MAT and Wellness: What Drugs Are Used in Medication-Assisted Treatment?

MAT and Wellness
Dominic Nicosia

Written By

Dominic Nicosia

Medication-assisted treatment (MAT) and wellness share a close relationship in the context of addiction care. When integrated alongside behavioral rehab and counseling, medication-assisted treatment (MAT) can be a game-changing resource if you or your loved one are suffering from opioid or alcohol addiction. Medication-assisted treatment involves the use of specific Food and Drug Administration (FDA)-approved medications to help you fight cravings and withdrawal symptoms during detox and as part of your long-term recovery. Use of these medications as part of a tailored opioid treatment program (OTP) must be offered by an approved member organization of the Substance Abuse and Mental Health Services Administration (SAMHSA).

As National Wellness Month rolls on, Recovery Unplugged wants to offer a little more insight on the relationship between MAT and wellness. Let’s talk about how this element of care can give you or your loved one a sort of physiological foothold and provide you enough relief to overcome your fiercest cravings and withdrawal symptoms and reduce your pain and sickness.

What Types of Drugs Are Used in MAT?

The FDA has approved three medications for integration into opioid treatment programs:

Buprenorphine – Buprenorphine is an opioid agonist, which means it activates opioid receptors in the brain, but not enough to cause feelings of euphoria that trigger cravings and withdrawal. It activates receptors enough to provide relief from symptoms, but there is still a risk of diversion and abuse. The common brand-name forms of buprenorphine include Suboxone® (buprenorphine and naloxone) and Sublocade® (pure buprenorphine). Suboxone is either administered in a tablet or film formulation and Sublocade is administered via monthly injections under the skin.

Naltrexone – Commonly known as Vivitrol®, naltrexone is an opioid antagonist, which means it blocks opioid receptors responsible for the pleasurable feeling you get when you take opioids. Vivitrol is administered in monthly injections, and since it doesn’t release any dopamine, has a very low risk of tolerance, dependency or addiction. Patients must be opioid-free before starting Vivitrol, and it’s generally used for long-term maintenance therapy following detox.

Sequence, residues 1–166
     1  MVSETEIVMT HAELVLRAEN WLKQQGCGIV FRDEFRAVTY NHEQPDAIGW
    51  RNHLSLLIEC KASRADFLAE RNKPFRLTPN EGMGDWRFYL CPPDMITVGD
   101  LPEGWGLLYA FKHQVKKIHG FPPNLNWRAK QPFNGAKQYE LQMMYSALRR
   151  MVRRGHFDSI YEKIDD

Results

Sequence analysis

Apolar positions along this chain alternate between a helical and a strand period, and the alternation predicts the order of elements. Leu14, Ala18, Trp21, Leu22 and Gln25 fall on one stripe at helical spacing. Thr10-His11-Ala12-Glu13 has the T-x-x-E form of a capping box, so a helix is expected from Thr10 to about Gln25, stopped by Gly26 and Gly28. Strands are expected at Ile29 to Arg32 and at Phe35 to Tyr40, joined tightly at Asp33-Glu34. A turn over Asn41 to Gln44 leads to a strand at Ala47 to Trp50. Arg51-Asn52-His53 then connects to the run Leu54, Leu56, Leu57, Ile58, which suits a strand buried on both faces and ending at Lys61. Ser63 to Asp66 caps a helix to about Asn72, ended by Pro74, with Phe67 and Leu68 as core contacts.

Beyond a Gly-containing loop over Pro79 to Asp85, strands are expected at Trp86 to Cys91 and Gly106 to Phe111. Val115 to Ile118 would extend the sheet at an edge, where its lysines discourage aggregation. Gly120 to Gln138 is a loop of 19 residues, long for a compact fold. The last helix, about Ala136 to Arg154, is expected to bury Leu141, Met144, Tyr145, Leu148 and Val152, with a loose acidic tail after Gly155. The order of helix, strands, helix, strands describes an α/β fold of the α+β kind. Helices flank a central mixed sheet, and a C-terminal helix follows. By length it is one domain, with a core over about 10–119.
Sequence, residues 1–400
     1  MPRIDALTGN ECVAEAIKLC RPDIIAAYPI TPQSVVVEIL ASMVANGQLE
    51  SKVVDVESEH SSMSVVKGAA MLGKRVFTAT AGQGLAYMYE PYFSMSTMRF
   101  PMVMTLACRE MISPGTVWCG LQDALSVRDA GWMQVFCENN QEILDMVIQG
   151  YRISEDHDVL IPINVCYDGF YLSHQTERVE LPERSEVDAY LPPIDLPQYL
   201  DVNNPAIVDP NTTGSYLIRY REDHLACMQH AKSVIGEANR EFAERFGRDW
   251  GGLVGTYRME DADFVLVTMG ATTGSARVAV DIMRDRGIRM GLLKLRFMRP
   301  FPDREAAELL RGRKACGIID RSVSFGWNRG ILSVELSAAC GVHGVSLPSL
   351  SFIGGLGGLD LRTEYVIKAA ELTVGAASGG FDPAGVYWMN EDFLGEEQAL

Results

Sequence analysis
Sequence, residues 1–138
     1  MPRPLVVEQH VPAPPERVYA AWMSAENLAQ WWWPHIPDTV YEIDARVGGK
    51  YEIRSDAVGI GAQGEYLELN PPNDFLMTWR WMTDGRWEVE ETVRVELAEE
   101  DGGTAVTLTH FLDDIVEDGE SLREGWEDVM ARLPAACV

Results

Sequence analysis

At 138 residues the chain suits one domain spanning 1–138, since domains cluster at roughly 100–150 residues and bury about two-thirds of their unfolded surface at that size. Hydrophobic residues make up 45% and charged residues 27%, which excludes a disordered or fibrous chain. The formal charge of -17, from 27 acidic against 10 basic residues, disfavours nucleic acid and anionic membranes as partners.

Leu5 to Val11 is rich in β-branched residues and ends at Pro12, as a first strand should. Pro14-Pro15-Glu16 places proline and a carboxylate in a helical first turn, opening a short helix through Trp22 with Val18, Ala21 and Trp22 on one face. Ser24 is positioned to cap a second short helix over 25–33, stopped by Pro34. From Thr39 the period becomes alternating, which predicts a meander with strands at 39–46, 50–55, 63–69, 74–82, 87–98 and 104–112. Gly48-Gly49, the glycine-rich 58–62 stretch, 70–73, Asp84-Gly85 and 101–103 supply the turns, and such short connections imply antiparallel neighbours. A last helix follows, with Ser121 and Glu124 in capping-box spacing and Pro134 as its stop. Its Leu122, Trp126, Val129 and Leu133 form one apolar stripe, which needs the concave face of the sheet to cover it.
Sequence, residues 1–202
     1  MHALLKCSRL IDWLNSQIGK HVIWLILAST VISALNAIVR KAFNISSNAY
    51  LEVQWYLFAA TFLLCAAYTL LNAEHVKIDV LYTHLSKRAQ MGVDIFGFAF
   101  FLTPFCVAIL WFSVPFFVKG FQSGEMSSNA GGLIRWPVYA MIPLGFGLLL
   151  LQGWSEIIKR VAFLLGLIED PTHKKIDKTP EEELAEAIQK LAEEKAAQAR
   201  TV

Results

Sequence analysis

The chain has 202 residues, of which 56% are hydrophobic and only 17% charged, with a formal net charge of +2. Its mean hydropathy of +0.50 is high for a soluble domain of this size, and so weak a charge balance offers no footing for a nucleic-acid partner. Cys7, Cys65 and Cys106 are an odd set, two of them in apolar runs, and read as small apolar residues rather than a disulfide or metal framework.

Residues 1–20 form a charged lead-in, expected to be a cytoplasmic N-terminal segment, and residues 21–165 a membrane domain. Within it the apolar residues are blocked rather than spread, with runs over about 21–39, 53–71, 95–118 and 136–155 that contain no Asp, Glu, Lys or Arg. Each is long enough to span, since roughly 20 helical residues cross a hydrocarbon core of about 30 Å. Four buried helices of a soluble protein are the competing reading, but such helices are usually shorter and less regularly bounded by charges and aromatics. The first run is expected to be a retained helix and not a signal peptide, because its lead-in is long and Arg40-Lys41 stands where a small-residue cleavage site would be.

Methadone – Methadone is often used for severe pain in ways similar to other opioids. In the context of opioid addiction treatment, however, methadone provides a controlled dosage of opioids, blocking the effects heroin and prescription opioids.

MAT is not meant to replace any other element of opioid treatment, such as behavioral rehab or counseling. Data from the Drug Enforcement Administration (DEA) indicates that there are over 72,000 qualifying practitioners in the DEA registration system who may prescribe, dispense, or administer controlled substances, such as buprenorphine for maintenance or detoxification treatment in an office-based setting, representing a 33 percent increase from just one year ago.

How Does MAT Help in Everyday Wellness during Recovery?

If you or someone you care about is going through opioid addiction, you know how easily withdrawal can lead to relapse. The ever-present and all-consuming pain and sickness make it very difficult to walk away from opioids for good. Medication-assisted treatment can, simply put, “take the edge off”, so you can pursue the lifestyle and behavioral aspects of your recovery-where the real work begins-unencumbered by debilitating withdrawal symptoms. Recovery Unplugged is a trusted, reputable and established provider of medication-assisted treatment. If you or your loved one are struggling with opioid withdrawal, you don’t have to be afraid of losing to cravings and withdrawal symptoms. Contact us now to find out about our MAT options.



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Dominic Nicosia

Dominic, a seasoned content writer at Recovery Unplugged, brings a wealth of knowledge and expertise to the realm of healthcare writing, particularly in the addiction and recovery field.

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